Public health experts have said there is a "strong case" for primary schools to reopen after the half-term if Covid-19 case numbers keep falling.
During the autumn term, coronavirus cases were recorded in 3 per cent of primary schools, Public Health England found, with most cases among teachers, not pupils.
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“Everything we have learned from the summer half-term and the recent autumn term indicates that they are safe to remain open,” Shamez Ladhani, PHE's chief schools investigator, told The Times.
Coronavirus: 'Strong case' for reopening primary schools
“There’s a strong case for primary schools to reopen once infection rates start falling and are sufficiently low to allow easing of national lockdown measures,” Dr Ladhani said. “The evidence is building to show that primaries are a safe environment.”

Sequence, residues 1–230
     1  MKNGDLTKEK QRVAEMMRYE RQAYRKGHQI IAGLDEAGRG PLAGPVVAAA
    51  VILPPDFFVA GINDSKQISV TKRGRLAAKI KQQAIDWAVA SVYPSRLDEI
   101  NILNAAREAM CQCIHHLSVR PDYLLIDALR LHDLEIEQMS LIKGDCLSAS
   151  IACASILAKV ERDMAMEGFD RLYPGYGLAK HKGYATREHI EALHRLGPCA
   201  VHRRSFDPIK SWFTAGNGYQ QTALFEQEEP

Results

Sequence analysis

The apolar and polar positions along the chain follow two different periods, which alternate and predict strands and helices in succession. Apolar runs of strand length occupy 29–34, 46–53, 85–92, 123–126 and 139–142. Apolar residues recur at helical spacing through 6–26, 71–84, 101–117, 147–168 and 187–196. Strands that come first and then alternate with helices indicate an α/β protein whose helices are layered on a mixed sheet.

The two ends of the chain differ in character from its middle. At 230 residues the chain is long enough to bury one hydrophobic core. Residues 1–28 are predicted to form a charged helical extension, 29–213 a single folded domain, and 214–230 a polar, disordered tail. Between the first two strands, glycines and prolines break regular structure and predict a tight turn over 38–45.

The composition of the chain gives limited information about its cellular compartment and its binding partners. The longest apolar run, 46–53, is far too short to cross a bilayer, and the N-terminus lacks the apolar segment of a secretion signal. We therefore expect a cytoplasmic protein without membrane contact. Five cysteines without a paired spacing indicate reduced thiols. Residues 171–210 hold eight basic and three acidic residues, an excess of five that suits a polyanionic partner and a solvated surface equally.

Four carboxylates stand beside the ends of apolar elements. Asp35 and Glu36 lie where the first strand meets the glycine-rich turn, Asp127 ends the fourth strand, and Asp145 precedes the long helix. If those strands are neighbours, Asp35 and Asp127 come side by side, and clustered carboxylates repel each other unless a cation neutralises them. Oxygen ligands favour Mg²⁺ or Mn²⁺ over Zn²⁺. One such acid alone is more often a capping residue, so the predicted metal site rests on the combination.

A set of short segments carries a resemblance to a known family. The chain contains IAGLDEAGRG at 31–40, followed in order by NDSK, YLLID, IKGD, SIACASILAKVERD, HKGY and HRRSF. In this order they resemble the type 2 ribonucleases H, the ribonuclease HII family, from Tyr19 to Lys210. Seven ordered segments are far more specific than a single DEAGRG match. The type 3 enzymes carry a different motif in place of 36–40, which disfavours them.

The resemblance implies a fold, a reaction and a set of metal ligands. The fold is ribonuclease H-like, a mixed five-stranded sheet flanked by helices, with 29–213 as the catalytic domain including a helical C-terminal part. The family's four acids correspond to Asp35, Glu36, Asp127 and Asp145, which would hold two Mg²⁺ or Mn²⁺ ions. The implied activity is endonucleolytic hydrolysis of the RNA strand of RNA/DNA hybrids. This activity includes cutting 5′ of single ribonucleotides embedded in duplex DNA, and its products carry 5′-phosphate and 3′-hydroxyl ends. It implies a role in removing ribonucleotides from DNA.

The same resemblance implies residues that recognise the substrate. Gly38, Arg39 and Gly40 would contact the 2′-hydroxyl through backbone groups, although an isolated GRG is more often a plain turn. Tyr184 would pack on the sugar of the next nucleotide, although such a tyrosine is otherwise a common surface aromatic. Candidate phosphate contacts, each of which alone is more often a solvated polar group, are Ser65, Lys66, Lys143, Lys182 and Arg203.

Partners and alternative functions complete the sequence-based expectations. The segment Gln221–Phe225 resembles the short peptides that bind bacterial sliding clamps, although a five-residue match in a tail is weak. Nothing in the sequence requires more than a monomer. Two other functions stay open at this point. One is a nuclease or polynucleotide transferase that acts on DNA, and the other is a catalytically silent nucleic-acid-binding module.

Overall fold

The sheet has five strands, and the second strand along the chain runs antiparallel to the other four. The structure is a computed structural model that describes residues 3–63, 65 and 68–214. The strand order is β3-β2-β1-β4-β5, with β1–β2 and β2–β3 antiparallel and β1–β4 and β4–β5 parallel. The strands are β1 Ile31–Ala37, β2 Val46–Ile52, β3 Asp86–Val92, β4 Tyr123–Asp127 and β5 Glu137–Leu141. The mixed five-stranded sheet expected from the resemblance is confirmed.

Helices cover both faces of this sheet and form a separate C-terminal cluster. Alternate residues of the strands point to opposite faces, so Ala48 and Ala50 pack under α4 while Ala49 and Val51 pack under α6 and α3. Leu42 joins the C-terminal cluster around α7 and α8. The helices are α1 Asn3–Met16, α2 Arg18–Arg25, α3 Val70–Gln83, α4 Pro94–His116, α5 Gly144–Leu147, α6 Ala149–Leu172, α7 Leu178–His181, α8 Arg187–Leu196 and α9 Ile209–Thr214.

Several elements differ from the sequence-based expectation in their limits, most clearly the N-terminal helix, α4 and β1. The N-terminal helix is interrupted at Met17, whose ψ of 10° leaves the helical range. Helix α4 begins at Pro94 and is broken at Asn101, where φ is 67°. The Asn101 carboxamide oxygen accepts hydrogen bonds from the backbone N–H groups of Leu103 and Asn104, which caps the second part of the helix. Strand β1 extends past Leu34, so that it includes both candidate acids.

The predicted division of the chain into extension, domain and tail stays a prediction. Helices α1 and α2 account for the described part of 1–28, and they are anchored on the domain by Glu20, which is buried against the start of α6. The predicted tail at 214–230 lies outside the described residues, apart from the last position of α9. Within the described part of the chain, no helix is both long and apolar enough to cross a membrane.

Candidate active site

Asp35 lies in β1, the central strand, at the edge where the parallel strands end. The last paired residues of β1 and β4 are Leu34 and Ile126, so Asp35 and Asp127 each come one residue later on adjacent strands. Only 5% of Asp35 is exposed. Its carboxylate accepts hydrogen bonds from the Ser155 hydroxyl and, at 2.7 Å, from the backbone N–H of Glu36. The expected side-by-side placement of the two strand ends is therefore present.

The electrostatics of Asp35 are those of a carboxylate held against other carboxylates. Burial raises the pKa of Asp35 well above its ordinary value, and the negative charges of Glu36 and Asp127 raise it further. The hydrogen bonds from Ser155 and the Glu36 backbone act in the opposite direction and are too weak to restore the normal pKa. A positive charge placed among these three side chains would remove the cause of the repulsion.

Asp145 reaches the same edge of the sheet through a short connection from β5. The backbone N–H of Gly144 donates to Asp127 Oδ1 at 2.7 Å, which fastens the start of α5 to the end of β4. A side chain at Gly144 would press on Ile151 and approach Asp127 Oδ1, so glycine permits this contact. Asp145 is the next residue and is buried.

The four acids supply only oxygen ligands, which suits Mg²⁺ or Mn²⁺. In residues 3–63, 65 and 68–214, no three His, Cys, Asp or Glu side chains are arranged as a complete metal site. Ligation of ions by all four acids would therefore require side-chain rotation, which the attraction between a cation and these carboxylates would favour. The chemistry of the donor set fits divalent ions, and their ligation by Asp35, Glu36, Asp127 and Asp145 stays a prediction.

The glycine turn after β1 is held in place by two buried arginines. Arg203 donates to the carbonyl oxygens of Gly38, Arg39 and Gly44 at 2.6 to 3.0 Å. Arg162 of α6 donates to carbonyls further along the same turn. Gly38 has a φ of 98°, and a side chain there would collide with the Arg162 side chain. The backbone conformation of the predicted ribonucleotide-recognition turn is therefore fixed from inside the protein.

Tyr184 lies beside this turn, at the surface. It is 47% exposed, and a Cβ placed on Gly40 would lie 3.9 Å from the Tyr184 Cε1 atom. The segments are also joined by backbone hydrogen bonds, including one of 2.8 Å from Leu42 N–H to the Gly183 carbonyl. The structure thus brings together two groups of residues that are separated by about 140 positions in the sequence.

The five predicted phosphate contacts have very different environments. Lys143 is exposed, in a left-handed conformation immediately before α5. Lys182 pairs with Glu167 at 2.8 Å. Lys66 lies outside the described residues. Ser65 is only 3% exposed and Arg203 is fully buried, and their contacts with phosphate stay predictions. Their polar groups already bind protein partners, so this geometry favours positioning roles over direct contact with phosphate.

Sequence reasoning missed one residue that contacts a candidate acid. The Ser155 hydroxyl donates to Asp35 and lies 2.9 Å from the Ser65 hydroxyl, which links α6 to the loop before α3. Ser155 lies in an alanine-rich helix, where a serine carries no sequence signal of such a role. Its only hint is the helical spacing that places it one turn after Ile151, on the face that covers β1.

Dr Ladhani added that “by early February we’ll have a better indication of the trend in disease rates and if they continue to fall. After that, there’s a realistic option to open primaries at least.”
However, secondary schools were five times as likely as primary schools to record outbreaks and to closely reflect wider infection patterns.
Yesterday prime minister Boris Johnson promised to give a further indication on when schools could reopen more widely “as soon as we can”.
And Nadhim Zahawi, the vaccines minister, told BBC One's Breakfast: “The prime minister has made it a priority that schools are the first thing to come back. The infection rates are much lower among primary school children than secondary – I think it is five times higher in secondary schools.
“Once we get to a place where schools can be safely reopened, it will be the first thing we do," he said, adding that primary school infection rates had been "encouraging".